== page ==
Engineering of a novel cellulose-adherent cellulolytic Saccharomyces cerevisiae for cellulosic biofuel production
CITATION: Liu, Z., et al. 2016. Engineering of a novel cellulose-adherent cellulolytic Saccharomyces cerevisiae for cellulosic biofuel production. Scientific Reports, 6:24550, doi:10.1038/srep24550.
The original publication is available at http://www.nature.com/srep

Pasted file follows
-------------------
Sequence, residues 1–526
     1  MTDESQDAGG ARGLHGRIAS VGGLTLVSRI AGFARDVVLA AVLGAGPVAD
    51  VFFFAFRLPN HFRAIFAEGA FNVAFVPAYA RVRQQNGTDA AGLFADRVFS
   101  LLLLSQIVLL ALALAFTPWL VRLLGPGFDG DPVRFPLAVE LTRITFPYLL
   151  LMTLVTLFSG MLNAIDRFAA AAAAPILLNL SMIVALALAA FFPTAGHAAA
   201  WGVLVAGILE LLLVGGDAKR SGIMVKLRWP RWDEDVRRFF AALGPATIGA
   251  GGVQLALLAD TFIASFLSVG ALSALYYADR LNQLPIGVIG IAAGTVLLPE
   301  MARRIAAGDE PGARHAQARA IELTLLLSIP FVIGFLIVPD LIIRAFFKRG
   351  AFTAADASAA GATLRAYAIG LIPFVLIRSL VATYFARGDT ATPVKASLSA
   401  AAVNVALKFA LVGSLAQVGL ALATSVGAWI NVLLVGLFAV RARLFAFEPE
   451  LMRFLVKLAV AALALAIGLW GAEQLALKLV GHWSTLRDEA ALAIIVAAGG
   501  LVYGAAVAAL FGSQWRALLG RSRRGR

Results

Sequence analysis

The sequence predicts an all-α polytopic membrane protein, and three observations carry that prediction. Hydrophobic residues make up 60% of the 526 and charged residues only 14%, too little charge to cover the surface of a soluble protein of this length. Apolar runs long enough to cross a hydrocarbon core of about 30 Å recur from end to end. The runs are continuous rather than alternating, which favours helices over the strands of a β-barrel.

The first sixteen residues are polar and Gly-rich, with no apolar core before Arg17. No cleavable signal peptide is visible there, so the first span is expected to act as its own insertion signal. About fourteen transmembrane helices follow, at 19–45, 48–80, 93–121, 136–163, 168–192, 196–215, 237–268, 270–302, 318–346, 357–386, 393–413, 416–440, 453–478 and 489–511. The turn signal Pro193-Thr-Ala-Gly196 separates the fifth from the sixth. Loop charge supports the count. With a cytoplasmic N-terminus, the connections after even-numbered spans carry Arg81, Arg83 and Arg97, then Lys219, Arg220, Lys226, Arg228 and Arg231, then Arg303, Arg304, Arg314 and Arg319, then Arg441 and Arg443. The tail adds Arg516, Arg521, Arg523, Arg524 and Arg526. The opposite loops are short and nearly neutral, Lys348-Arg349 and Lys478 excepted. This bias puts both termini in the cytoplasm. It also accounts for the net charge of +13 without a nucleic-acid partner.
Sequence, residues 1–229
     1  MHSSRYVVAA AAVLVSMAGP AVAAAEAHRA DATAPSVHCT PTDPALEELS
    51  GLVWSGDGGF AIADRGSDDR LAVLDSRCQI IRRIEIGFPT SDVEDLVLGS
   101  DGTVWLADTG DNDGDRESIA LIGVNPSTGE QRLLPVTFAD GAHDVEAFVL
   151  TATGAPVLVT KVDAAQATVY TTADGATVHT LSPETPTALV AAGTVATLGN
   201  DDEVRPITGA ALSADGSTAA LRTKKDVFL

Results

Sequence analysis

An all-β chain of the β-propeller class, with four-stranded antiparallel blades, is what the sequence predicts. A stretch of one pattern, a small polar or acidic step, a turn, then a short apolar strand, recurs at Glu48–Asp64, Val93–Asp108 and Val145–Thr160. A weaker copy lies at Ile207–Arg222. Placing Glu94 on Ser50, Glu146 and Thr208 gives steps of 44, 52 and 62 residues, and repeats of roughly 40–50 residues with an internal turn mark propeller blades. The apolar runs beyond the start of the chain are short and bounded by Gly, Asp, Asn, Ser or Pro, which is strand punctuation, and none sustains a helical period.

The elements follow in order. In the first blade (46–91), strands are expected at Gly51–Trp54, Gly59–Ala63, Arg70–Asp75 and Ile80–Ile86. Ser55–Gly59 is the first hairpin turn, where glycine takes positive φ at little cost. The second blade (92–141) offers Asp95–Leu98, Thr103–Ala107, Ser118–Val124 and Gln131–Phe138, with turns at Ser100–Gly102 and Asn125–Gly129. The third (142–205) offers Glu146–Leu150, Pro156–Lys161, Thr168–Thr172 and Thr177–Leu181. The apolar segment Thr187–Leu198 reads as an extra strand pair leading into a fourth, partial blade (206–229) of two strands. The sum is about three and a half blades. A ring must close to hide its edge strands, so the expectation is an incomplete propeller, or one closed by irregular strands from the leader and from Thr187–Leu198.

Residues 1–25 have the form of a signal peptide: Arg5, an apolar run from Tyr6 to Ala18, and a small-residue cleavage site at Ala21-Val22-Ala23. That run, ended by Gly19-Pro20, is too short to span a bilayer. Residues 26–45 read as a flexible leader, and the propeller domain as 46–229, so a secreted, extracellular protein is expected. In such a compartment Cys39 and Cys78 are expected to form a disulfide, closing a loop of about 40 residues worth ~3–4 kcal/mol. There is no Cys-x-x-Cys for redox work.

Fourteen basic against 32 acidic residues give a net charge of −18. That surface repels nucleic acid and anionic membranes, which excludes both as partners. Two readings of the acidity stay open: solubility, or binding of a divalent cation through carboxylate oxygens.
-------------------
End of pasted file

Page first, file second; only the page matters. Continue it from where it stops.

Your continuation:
Cellulosic biofuel is the subject of increasing attention. The main obstacle toward its economic feasibility is the recalcitrance of lignocellulose requiring large amount of enzyme to break. Several engineered yeast strains have been developed with cellulolytic activities to reduce the need for enzyme addition, but exhibiting limited effect. Here, we report the successful engineering of a cellulose-adherent Saccharomyces cerevisiae displaying four different synergistic cellulases on the cell surface. The cellulase-displaying yeast strain exhibited clear cell-to-cellulose adhesion and a “tearing” cellulose degradation pattern; the adhesion ability correlated with enhanced surface area and roughness of the target cellulose fibers, resulting in higher hydrolysis efficiency. The engineered yeast directly produced ethanol from rice straw despite a more than 40% decrease in the required enzyme dosage for high-density fermentation. Thus, improved cell-to-cellulose interactions provided a novel strategy for increasing cellulose hydrolysis, suggesting a mechanism for promoting the feasibility of cellulosic biofuel production.